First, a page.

However, this “need” isn’t reflected in the entire population (obviously), and creates new avenues for discrimination or disdain even amongst minorities ourselves; the gay community is just one example of how in-group discrimination and disdain shows itself. It further complicates our identities and the way we interact with each other: even in jest, phrases like “we don’t claim so-and-so as one of us” becomes a hurdle “so-and-so” may feel the need to overcome to become accepted by the community to which they actually had a sense of belonging. Said hurdle may extend the height of the obstacle too high, which could result in self-sabotaging behaviors, resulting in further self-image harm. If I can’t educate or live up to what I’m “supposed to be,” then what use is it to try?
While we in America are starting to reckon with that notion as it applies to the population in general (and “minorities” in particular), this is seemingly something which yet eludes Japan. To flip the question for the “majority”: what use is it for me to understand them if they don’t educate me or live up to what “they’re supposed to be?”
Just because you’re not like the others doesn’t mean you don’t have worth in our communities. In fact, your individuality is what makes our community unique, and gives you more impact than the so-called “ideal” ones. Don’t compare your excellence to others’ excellence.
Comparison (both myself to others and others to the population I know) and hiding behind my achievements are things that have taken me years to outgrow, and it’s still something I’m working on. I sometimes still struggle in finding true value in myself, even though I can find it in others (and even then, I struggle in making sure I’m sincere about it because a tiny voice in my mind still says I’m not being truthful when I speak about others). I struggle with being well-spoken about other subjects, but not about myself: the story above was a quite a struggle that was helped along with a couple beers that night. It’s never too late to grow (and outgrow), and it’s never too late to say, “no, educate yourself” or “look at this, and tell me what you observe.”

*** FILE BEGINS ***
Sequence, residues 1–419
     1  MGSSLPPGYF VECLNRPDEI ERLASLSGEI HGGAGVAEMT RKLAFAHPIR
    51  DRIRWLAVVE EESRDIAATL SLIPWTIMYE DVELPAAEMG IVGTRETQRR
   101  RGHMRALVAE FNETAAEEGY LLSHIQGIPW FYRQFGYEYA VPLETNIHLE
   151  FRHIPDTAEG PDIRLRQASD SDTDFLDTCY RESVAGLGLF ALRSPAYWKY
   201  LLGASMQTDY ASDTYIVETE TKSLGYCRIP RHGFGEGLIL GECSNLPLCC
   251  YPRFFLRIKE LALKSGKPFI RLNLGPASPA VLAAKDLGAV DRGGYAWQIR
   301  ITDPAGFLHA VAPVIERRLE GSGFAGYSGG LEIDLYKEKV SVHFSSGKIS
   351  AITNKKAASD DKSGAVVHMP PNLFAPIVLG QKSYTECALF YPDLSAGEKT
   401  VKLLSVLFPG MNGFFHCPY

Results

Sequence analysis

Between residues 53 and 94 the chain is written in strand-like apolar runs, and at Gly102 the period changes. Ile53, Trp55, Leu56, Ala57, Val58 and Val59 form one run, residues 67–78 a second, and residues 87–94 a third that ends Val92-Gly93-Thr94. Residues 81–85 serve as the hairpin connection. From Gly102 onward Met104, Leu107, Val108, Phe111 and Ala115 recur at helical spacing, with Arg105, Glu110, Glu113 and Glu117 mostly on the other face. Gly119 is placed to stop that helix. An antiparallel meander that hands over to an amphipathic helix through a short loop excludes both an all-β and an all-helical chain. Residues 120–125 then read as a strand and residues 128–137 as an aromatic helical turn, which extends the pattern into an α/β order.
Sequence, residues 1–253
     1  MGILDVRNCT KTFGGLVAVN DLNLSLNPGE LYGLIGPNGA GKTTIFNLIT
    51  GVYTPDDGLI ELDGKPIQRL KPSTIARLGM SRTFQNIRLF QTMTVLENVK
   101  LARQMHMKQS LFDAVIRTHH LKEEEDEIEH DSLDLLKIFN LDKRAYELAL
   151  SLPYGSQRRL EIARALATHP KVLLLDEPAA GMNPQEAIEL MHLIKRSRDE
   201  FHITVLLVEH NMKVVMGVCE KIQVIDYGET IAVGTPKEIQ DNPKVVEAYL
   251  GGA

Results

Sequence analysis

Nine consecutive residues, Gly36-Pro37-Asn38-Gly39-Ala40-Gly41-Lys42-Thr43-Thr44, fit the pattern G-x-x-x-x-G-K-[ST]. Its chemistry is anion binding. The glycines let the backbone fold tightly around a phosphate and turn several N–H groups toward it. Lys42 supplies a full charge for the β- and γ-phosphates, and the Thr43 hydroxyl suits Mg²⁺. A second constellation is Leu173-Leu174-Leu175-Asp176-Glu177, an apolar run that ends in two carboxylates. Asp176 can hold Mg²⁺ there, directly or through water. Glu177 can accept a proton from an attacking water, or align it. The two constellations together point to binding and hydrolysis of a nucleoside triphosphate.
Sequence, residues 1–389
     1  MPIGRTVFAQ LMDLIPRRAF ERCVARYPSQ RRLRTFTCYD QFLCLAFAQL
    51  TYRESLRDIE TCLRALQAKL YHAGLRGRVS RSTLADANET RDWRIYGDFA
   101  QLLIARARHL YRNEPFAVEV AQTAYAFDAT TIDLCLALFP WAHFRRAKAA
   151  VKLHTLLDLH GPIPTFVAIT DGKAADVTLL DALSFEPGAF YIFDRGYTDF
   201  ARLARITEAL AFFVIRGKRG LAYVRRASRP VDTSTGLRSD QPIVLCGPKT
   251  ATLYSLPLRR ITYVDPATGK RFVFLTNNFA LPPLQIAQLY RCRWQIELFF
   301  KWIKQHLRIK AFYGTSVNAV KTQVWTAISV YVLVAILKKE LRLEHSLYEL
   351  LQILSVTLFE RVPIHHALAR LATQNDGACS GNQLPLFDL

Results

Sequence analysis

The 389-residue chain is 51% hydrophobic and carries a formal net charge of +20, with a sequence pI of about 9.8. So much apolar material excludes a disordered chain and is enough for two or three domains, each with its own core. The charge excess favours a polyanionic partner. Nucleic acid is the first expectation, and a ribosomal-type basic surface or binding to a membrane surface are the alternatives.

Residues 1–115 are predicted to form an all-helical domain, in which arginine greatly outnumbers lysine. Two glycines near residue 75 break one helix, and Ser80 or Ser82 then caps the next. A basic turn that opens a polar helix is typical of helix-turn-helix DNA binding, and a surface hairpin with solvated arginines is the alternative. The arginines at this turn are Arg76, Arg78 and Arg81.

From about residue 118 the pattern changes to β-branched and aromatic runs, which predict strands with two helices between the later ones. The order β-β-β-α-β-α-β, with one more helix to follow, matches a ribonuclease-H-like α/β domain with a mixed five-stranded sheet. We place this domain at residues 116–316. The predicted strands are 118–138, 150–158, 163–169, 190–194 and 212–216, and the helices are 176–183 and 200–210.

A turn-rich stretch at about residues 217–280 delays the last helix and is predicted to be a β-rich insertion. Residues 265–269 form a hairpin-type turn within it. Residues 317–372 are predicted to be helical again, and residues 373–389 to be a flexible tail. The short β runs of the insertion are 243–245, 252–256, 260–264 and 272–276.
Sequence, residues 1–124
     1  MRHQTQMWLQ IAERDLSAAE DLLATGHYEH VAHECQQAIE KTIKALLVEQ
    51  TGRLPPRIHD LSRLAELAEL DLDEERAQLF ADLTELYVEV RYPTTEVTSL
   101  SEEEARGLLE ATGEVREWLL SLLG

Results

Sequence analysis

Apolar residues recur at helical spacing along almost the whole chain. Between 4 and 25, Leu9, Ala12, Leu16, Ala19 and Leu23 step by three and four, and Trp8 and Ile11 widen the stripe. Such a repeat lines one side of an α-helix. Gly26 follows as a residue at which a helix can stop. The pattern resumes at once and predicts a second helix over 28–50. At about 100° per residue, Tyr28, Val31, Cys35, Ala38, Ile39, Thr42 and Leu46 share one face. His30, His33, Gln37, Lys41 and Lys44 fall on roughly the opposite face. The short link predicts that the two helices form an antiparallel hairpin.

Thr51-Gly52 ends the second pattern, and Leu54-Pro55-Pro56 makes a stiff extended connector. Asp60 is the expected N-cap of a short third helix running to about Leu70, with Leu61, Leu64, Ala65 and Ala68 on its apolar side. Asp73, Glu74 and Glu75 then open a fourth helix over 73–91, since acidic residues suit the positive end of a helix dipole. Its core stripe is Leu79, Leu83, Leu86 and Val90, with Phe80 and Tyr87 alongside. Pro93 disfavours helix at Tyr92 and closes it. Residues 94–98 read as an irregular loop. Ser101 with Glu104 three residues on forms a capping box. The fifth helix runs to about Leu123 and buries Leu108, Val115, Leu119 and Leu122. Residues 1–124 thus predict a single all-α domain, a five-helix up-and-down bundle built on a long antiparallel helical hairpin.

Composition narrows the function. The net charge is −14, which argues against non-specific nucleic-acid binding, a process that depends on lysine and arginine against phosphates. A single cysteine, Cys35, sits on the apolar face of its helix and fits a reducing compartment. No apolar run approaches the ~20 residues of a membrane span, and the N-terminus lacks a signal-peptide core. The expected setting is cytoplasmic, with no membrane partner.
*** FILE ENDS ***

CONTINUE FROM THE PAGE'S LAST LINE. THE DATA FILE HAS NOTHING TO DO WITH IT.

But at least I know for sure…
… just because I personally don’t want to dress as a woman in public, it doesn’t make me any less gay.
Disclaimer: by no means am I an expert. This is a personal observation, but I feel like this is applicable to a lot of us out there. I also wrote this in one go, which is why this might seem like a maze of a post.
I also ended up leaving out one of my important points: media literacy and representation is a very important topic which needs to be covered in compulsory school, not just in higher education. Nothing was wrong with my Japanese friends: they just were ignorant to what is “actually out there” because what they saw in the media was a single facet of our community. A large majority of LGBT+ media is still physically/sexually charged, which also eliminates all our other facets and focuses on just the (possibly most crudest) one. As much crap as we give Ellen, we also need to credit her for putting her career on the line in the ’90s to give the LGBT the chance at representation in mainstream media (‘The Puppy Episode’ came out in 1997, prior to Will & Grace‘s debut in 1998). These shows alone have put American media decades ahead of what Japan is finally getting.
Maybe we can revisit this post in 20 years to see what’s changed (and what hasn’t). But for now, critical lenses for Japan and America (still).